It can be said that a wall is a wall. Today there are thousands of permutations on the basic wall. Wood frame, steel stud, masonry block, straw bale, structural insulated panels, precast, and insulated concrete forms all perform the same function. They all provide an envelope of protection from wind, rain, snow, tornados, hurricanes, fires, and other extreme weather.
Today, walls have to provide more than just shelter from the elements. Walls have layers of complexity weaved into their fabric to achieve these basic yet lofty requirements of a building’s enclosure envelope. Walls have to provide the solid performance of energy efficiency, moisture protection, durability, sustainability, design flexibility, color, shape, and all at a minimal cost.
Add to those basic requirements the need for adaptability. The challenge we face today is that of preparedness and adaptability for the future. Change is a constant we all face together. This message is made clear on the YouTube videos, “Shift Happens.” The videos are laced with startling facts about change. The buildings we build will have to be adaptable to these changes.
TECHNOLOGY AND CONSTRUCTIONHow quickly did you adopt mobile phone connectivity? Is your cell phone Internet and e-mail capable? More companies are now connecting with you 24/7 through your phone with Internet, Twitter, Facebook, and other social media.
Our buildings are going through the same connectivity revolution. Buildings need to change and adapt for tomorrow’s needs. To be sustainable, building design must be flexible and address the constant need to adapt. ICFs deliver all of these requirements and they do it with just three components: steel, stone and foam. ICFs deliver to the trades a ready-to-finish, insulated wall system.
The New Jersey Carpenter Contractor Trust years ago developed an outreach ICF training program “Seminar 0103” for architects that they still offer today (www.buildunion.net/workshop.asp). The Carpenter Workshop’s mission is to share the experience of today’s hard-working union construction professionals, their training, and job site productivity with design professionals.
In 2003, with its first ICF training seminar for the New York design community, more than 50 architects attended the eight-hour hands-on classroom training session. The architects built walls, stacked and cut ICF blocks, set rebar, and built window and door bucks.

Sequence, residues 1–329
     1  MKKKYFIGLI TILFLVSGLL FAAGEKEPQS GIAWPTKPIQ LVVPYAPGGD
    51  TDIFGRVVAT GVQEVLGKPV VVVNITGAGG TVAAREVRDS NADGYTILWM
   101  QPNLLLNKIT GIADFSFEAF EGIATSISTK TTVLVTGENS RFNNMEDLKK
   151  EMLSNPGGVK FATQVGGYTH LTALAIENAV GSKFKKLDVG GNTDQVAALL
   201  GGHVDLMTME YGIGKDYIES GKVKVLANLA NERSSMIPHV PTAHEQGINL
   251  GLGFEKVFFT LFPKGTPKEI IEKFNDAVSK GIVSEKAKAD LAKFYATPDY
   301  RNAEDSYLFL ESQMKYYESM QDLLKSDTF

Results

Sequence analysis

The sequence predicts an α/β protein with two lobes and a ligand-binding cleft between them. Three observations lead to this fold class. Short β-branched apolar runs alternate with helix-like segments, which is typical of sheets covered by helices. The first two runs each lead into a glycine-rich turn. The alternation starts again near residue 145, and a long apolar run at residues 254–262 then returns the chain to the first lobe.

After the walls were assembled, the designers installed the services into the ICF wall using the at the time, state-of-the-art tools. The specialty tools consisted of a modified chainsaw with depth stop, a side grinder to grind into the foam and nick the concrete, and a hot knife for clean and precise (but slow) cutting.
The architects, while discussing the attributes of the ICFs, raised a question about the superfluousness of the foam once the concrete is cured. To this it was agreed that the real strength of the wall is the concrete core, and the EPS foam is merely structural air that serves only to contain the concrete until it is cured. The architects, covered in foam dust, suggested that there should be a better way to install services into the wall.
THE GOSPEL OF ICF CONSTRUCTIONCoordinating new subcontractors unfamiliar with ICF construction can be challenging, especially with electrical and plumbing work.
ICF contractors, who turnkey the structural shell package, are looking to control as many costs of the construction process as they can. This is even more critical in today’s ultra-competitive market in which installers travel hundreds of miles from their home base to build. The hidden cost of hiring and training new subcontractors is often overlooked as an added cost.
Although ICFs have hundreds of thousands of structures in place, they are still relatively new to the general construction trades. ICF professionals are tasked to teach hands-on training courses to all of these new subcontractors on the job. Finding and retaining quality subs is one of the most pressing issues that ICF installers deal with when building with the system. Most electricians with commercial or industrial experience are not going to be familiar with the ICF big blank white wall, which makes getting qualified bids a challenge.
The e-channel shifts some of the control back to the ICF contractor. A pre-installed electrical channel eases the electrician’s bidding fear factor. Electricians familiar with an open electrical raceway, and its ability to simplify their workload, will be more competitive with their bidding. The channel reduces the labor-intensive need to gouge out the foam with inefficient tools.
The e-channel is an extruded vinyl chase for insulating concrete wall systems. The channel, installed by the ICF professional, streamlines job site control and coordination. The sub trades that follow get a hassle-free, open channel in which to install the building’s varied services. The e-channel delivers labor savings to the electrician. Now, it becomes a simple matter of placing the conduit into the pre-existing channels and pulling wire.
Change is happening on even shorter time lines, and change will only accelerate in the future. The e-channel is designed to make upgrades possible. ICF buildings will last 200 years or more, and no one knows or can predict how building use will change. There is a responsibility to invest into the built infrastructure now, and make buildings adaptable for future generations. W